Weirdly enough, this everything-and-the-kitchen-sink supernatural young adult tale actually starts strong and only begins to plummet when the true villain of the story is revealed. It's not a secret who is behind all of the evil doings in New York City, but he doesn't really come into play until a little after the halfway point, at which point the whole film starts to crumble away at an alarming pace.
But I'm getting ahead of myself. THE MORTAL INSTRUMENTS: CITY OF BONES is latest attempt at kicking off a young-adult franchise based on a series of popular books (five so far, with a sixth installment coming out in May 2014, as well as a series of prequels published and sequels announced, beginning in 2015). The story focuses on a teen Clary Fray (the lovely and sort of transparent Lily Collins, of MIRROR MIRROR fame) who begins to see strange symbols all over the city that no one else can see. The symbol plagues her so much, she even ends up drawing them in her sleep, so you know it's important. Her mother (Lena Headey) seems troubled by this revelation, and it soon becomes known that Clary is one in a long line of Shadowhunters, a society of demon hunter-killers with angels' blood in their veins and a mission to protect earth (or Downworld) from evil forces. The film is fully loaded with vampires, werewolves, warlocks, the aforementioned demons, and no zombies (because those aren't real, we are told).
For the most part, the Shadowhunters exist and do their work invisibly, but Clary can see them, and she witnesses a murder of demon in human for at the hands of Jace (Jamie Campbell Bower, from the several of the TWILIGHT films, ANONYMOUS, and as King Arthur in the recent "Camelot" TV series), who agrees to be her good-looking mentor, much to the annoyance of her long-time best friend Simon (Robert Sheehan), who is not-so-secretly in love with her, and spends much of the film being a little bitch human (or "mundane" as they're derisively called by the Shadowhunters).
As these type of films tend to do, a smattering of slightly older actors populate the supporting parts, including Jared Harris as Hodge, the keeper of the Institute, which the Shadowhunters call headquarters; CCH Pounder as a witch that lives in the apartment below Clary and her mother; and Jonathan Rhys Meyers as the big bad Valentine, who is searching for an ancient chalice (called the Mortal Cup) that lends special powers to those who drink pure angel's blood from it, or something like that. Apparently many of Clary's memories have been suppressed by her mother (including the location of the Cup), and she spends a great deal of CITY OF BONES trying to get back what her mother kept from her to protect her.
The other younger characters are sadly interchangeable and spend much of the film trying to out badass each other and see which one wears black the best. Unless I heard this wrong, Alec (Kevin Zegers), one of the Shadowhunters who seems to hate Clary the most is actually gay and in love with Jace, who has eyes for Clary, thus setting up a slight variation on the traditional love triangle these franchises seem to love. I also dug Godfrey Gao's performance as Magnus Bane (known as the High Warlock of Brooklyn…I wish I were making that up), and I wish he played a slightly larger role in this film, but I'm sure we haven't seen the last of him if this series continues. There are other, more forgettable members of the cast, but life is short and their performances simply didn't distinguish themselves this time out.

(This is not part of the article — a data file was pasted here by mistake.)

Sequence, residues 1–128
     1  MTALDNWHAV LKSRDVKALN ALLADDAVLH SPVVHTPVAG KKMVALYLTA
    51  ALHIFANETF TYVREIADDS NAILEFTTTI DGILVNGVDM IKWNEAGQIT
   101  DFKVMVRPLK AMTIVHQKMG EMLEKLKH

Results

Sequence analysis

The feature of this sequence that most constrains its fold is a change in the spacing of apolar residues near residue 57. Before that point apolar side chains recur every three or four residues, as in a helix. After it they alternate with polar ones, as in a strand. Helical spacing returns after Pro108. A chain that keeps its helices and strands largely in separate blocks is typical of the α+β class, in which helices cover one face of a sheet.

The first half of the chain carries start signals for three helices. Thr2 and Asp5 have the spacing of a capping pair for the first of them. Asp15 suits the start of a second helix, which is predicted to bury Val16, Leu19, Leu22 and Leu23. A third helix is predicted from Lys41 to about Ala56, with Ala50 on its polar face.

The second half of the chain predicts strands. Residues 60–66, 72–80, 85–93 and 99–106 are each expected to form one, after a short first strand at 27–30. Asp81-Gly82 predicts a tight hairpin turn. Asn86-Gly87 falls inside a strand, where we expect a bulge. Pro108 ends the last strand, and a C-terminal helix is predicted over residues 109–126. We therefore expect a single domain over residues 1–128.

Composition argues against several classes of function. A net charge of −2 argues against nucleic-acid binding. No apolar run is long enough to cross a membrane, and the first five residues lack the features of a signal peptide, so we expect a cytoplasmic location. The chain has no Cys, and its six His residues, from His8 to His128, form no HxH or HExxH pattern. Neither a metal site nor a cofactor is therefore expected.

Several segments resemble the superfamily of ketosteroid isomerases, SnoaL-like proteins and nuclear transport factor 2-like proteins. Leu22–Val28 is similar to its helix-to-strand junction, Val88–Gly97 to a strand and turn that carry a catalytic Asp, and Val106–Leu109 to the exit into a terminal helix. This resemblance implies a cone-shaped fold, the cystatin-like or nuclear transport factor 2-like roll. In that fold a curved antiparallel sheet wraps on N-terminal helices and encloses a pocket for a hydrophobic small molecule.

As I mentioned, CITY OF BONES is actually kind of a hoot for quite a bit of its 130-minute running time, but when the most obviously secretly evil character reveals himself and unleashes Valentine onto the world, the film suffers from not living up to its own hype. Jonathan Rhys Meyers still looks remarkable for 36 (not that that's old by any measure), but he simply isn't a threat. This is supposed to be one of the truly fearful things in this universe, and watching him prance around in a leather jacket over a bare, tattooed chest didn't make me tremble in my laced-up boots.
But Rhys Meyers isn't the only problem. The various love stories (would-be and otherwise) are childish in their execution, the revelation of a couple of weird secrets are clumsy and non-sensical, and the violence in the film is often times wildly inappropriate for a PG-13 film. The blame for a lot of these flaws falls at the feet of director Harald Zwart (THE KARATE KID remake, AGENT CODY BANKS, THE PINK PANTHER 2), who is helming this movie as if he barely has a handle on understanding the material (adapted by Jessica Postigo from the Cassandra Clare novel). Join the club, buddy.
By the end of THE MORTAL INSTRUMENTS: CITY OF BONES, I was seriously trying to remember why I was supposed to care about whether about two-thirds of these characters needed to live or die, and I'm guessing that wasn't the intention. Fun and quirky at times, the film devolves into a scattered, pointless mess that might have been a metaphor for how teenagers' raging hormones drive them to do ridiculous things, but don't hold me to that because I the movie may have blocked my powers of analytical thought. All of this being said, I treated the film like an introductory chapter to a series I may have to settle into for a number of years. I'll admit, I'm slightly curious where things go from here, but if they don't start being relevant, there will be hell to pay.